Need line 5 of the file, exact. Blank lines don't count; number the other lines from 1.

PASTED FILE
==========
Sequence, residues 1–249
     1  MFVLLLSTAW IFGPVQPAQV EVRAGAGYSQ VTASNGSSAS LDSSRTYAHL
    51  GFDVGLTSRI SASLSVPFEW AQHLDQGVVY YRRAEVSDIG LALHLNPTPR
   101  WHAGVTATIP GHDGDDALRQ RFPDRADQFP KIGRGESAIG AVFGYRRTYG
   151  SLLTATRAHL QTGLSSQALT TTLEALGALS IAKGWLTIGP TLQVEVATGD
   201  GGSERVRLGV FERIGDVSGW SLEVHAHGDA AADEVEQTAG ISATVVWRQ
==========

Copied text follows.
   151  SLLTATRAHL QTGLSSQALT TTLEALGALS IAKGWLTIGP TLQVEVATGD